The demands on a leader’s time are infinite but his/her time is finite. The ability to maximise finite time is essential for both personal and professional success. Leaders should aspire to be both effective and efficient in executing their responsibilities. It is, however, important to know the difference between these terms because some leaders don’t. This knowledge prevents such leaders from putting the cart before the horse.
Effectiveness is defined as doing the right thing; while efficiency defined as doing things right. It is possible to be efficient but not effective. You can be doing things right but doing the wrong things right. Efficiency focuses on performance but effectiveness is focused on priorities. You need to know your priorities first before taking action. This prevents wasting both time and energy on tackling the wrong things. Effectiveness requires both careful thought and sufficient time to determine what the appropriate priorities should be at any given time.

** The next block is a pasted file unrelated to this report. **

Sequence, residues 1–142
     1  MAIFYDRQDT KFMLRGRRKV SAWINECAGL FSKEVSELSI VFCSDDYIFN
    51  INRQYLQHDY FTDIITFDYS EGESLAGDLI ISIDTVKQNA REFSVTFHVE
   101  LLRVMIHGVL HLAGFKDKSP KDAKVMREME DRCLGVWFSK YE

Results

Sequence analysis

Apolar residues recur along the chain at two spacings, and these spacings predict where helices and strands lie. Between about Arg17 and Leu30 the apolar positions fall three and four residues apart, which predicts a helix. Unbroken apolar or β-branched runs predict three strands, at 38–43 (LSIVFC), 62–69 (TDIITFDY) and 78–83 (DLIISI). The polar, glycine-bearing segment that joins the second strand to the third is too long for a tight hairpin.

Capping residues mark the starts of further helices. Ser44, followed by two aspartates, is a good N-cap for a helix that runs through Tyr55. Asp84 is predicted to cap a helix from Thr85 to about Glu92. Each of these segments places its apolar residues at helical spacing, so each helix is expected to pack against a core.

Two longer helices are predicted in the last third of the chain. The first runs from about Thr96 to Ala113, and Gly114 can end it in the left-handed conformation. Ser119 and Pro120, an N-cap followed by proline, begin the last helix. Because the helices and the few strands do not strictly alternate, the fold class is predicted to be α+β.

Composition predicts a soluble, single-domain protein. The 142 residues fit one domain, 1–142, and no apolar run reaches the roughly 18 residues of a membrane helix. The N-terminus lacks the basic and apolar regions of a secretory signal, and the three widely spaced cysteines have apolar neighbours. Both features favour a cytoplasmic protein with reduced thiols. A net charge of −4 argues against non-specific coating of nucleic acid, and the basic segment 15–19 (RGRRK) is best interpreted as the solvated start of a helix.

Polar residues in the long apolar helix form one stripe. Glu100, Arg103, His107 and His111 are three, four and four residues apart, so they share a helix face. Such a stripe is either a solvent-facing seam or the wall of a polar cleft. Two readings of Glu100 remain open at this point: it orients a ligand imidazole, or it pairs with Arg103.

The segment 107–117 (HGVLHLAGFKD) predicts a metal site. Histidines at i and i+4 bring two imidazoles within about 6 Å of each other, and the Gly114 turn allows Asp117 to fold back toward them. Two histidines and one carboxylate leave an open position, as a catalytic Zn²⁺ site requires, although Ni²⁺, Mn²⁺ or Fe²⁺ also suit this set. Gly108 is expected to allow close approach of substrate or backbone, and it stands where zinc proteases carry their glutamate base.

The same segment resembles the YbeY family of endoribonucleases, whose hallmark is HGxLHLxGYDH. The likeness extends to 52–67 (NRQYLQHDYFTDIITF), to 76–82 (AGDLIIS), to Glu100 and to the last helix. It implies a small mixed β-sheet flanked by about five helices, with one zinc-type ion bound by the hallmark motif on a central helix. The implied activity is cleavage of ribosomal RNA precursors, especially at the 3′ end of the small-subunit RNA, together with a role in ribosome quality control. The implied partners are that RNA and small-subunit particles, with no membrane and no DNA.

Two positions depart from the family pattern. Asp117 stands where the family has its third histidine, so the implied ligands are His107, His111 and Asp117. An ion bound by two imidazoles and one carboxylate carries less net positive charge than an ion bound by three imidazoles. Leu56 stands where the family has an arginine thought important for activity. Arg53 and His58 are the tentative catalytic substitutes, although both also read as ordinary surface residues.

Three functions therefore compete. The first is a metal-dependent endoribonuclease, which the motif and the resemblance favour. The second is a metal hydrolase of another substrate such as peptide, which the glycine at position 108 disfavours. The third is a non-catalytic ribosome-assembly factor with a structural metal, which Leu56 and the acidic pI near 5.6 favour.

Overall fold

Due to the demand for results, leaders sometimes, in the haste to appear efficient, take impulsive actions without due diligence producing disastrous results.
According to the late management guru, Peter Drucker, the effective leader asks, “What needs to be done versus what do I want to do?” Focusing on what needs to be done helps clarify your priorities from distractions. There are a lot of things on a leader’s plate, but in order for him to be successful, he needs to isolate the critical from the frivolous. I read a long time ago that you can’t chase two rabbits at the same time because you end up catching none. Effectiveness enables you to decide which rabbit to chase and efficiency helps you catch the chosen rabbit.
Drucker, in his June 2004 Harvard Business Review article, stated that “I have never encountered an executive who remains effective while tackling more than two tasks at a time. Hence, after asking what needs to be done, the effective executive sets priorities and sticks to them. Other tasks, no matter how important or appealing, are postponed. However, after completing the original top-priority task, the executive resets priorities rather than moving on to number two from the original (to do) list. He asks, ‘what needs to be done now?’ This generally results in new and different priorities”.
It is important for you as a leader to know that doing things right is not as important as doing the right things.